And hey, having the conveniences of a modern city isn’t bad. I love the typical aspects of my country, but I also like being able to go to a modern rooftop bar for some sundowner cocktails… There’s no harm in being able to have both cohabiting in one place!

    Beautiful photos by the way, you did beautiful San Miguel justice 🙂
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  7. We haven’t been but I’ve read a LOT of blog posts about the area and it’s definitely a place I’d like to visit. How does the local community blend – accept – ignore – feel about all of the expats?
    Patti recently posted…Crossing the Border: Toronto, Canada ~My Profile

    • Frank (bbqboy) says:

      I think the majority accept it well because it brings in employment opportunities. And Mexicans are very tolerant. But I’m sure there are some, especially those who don’t benefit directly, that don’t appreciate the influx of foreigners or the pressure it’s put on housing in the center.

  8. SM library is great! I was really supriced with that since it is in Mexico.

  9. Sue McDaniel says:

    I spent 31 days in August 2016 in a rental apartment. I loved it. I loved the colors of San Miguel. I went in a hot air balloon ride. I travelled by bus to Guanajuato, Querétaro, and Delores Hildalgo. I went by taxi to La Cieneguita to see Chapel of Jimmy Ray art gallery. I visited Atotonilco and Mineral de Pozos. I am a hobby photography, and I loved taking pictures. I also went on three Tastes of San Miguel food tours which were delightful. I did it all and saw much more than some ex-pats that live in San Miguel. I am in San Miguel for 3 1/2 weeks in July 2017. I love it, but I do not believe I could ever live here. I just cannot stand the crowds of people and the primitive plumbing and the uber primitive sidewalks. It’s beautiful, but I would never move here from Arizona.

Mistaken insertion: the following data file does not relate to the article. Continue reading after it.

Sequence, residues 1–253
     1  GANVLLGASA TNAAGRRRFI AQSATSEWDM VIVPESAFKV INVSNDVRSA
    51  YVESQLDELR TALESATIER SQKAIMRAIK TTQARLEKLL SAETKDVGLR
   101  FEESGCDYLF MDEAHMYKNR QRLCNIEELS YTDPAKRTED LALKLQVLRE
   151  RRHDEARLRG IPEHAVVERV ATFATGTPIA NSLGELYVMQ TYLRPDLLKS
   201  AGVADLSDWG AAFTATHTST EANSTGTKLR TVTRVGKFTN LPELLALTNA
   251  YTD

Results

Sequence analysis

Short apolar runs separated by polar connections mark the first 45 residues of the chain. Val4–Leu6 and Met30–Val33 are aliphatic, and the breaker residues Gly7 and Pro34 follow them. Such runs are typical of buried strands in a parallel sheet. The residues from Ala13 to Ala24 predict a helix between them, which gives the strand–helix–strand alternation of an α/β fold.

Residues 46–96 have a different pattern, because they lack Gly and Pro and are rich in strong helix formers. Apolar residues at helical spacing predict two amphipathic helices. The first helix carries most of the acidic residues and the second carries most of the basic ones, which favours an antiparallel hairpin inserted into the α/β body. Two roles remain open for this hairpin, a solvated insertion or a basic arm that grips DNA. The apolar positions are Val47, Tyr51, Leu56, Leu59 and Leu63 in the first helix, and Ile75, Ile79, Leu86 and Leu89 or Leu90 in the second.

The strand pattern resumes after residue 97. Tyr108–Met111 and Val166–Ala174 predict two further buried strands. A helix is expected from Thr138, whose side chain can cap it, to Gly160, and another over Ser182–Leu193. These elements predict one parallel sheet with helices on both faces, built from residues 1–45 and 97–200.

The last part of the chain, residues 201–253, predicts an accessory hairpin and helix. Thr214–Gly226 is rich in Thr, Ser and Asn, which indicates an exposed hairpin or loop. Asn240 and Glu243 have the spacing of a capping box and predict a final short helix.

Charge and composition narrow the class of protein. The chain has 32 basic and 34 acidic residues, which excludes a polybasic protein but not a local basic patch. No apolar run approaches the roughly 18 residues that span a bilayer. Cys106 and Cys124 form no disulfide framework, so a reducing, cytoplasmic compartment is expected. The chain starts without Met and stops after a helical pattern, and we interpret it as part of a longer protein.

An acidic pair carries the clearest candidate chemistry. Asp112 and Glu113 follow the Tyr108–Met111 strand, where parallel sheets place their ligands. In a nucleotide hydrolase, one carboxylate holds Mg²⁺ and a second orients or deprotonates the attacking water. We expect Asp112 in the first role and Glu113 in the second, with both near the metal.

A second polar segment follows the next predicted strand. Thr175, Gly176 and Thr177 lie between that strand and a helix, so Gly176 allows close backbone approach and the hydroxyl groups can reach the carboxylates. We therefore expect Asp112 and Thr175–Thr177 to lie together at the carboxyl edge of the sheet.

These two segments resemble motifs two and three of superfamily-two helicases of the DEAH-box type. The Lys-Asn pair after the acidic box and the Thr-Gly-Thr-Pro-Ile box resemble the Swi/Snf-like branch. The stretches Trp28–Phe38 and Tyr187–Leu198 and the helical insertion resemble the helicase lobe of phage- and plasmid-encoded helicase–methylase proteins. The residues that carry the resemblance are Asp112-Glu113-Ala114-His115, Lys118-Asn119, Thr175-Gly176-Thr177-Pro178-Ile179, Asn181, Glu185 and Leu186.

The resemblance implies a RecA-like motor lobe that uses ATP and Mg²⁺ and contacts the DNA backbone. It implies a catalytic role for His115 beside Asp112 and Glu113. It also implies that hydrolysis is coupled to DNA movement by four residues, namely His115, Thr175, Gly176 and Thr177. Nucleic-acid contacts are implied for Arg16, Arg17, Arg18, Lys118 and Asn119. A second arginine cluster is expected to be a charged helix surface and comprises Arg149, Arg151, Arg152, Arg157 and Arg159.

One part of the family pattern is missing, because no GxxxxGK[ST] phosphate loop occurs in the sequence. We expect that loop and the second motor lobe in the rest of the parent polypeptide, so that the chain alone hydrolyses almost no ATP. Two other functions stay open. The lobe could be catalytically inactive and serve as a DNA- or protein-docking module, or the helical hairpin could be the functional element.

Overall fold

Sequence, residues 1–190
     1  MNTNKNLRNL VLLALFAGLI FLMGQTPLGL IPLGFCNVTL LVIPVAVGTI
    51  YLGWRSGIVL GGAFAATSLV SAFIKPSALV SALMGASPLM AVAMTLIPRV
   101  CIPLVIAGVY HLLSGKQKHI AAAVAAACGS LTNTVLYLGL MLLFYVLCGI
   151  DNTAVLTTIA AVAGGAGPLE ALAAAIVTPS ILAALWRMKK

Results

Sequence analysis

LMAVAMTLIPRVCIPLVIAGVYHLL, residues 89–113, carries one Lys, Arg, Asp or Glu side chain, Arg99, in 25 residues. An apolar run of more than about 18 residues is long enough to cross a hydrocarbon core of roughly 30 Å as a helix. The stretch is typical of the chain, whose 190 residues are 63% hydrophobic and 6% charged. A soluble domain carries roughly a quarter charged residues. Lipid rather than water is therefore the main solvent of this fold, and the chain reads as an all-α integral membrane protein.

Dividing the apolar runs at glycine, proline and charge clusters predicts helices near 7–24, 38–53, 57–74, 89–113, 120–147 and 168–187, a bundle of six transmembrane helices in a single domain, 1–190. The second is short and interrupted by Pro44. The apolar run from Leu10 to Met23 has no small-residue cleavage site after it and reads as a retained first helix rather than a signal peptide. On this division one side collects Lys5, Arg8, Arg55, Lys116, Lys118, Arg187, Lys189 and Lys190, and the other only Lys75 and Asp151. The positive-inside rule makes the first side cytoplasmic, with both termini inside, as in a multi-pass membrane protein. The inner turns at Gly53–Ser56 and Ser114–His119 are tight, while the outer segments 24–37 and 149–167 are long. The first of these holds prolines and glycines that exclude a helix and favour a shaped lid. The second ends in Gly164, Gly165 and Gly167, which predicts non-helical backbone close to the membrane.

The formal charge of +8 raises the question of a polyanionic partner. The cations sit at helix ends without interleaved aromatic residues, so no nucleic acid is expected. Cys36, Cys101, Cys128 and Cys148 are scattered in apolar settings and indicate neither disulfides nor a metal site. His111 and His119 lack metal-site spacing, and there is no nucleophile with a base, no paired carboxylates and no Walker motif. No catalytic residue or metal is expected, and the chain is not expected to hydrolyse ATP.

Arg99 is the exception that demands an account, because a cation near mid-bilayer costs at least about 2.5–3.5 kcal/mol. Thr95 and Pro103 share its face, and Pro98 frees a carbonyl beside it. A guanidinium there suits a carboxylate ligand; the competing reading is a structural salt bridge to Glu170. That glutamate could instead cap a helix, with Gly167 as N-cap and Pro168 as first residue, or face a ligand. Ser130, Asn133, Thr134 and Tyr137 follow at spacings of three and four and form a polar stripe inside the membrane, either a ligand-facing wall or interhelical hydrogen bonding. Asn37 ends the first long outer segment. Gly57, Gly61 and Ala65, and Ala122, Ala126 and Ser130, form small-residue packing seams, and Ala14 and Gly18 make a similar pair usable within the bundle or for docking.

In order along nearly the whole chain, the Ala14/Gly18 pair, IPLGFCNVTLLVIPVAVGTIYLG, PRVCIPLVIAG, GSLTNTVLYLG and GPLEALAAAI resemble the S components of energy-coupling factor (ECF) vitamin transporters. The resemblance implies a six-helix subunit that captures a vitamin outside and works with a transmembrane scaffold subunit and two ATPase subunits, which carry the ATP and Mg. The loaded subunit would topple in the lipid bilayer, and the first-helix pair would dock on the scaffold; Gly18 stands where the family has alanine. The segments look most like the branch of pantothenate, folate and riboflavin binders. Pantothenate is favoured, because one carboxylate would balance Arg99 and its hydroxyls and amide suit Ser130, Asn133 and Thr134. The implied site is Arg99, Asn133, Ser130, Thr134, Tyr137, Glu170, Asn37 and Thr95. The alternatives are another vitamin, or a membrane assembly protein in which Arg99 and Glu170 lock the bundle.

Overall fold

• Frank (bbqboy) says:

      Mexico definitely the place for taking photos!
      Agree with you especially on the sidewalks – I was in SMA just a month ago and was thinking exactly the same thing!
      Frank (bbqboy) recently posted…The absolute worst thing about being a full time traveller (it’s got nothing to do with travel)My Profile

    • Sue, I Iived and taught English in Cuenca, Ecuador from Sept. 2015-Sept.2016. Cuenca is another U.N. World Heritage city.It’s 8,200 feet above sea level in the Andes Mountains. Very pretty, friendly people, cheaper than the U.S. and Canada, plus thousands of expats. I lived in the older and cheaper part of Cuenca–where the real Cuencanos live. I can relate to your comments, especially about the primitive sidewalks. (In Cuenca there were also crumbling buildings, dog pooh and male urine on the streets. I was told that Ecuadorian males are not considered to be “real men” unless they pee on the sidewalks.) But I did enjoy visiting friends in the new city with all of the conveniences for the many expats and wealthy Ecuadorians. One reason why I didn’t stay in Cuenca was that being a “Gringa” I got tired of being seen and treated as a walking cash machine. (There are ‘gringo prices’ and regular prices.) I actually had one taxi driver pull over and tell me to get out because I wouldn’t agree up front to overpay him. Has anyone had any experiences similar to these in San Miguel Allende?

      • Frank (bbqboy) says:

        Hi Carol. For my part, I haven’t heard any similar experiences from my mom who lives in San Miguel. In fact I don’t bother confirming the amount when I get in a cab to get downtown from the bus station – I know the price from having being countless times with my mom. Might be different though if a tourist arrives and asks for the price, I wouldn’t put it past any taxi driver in that situation to ask for more…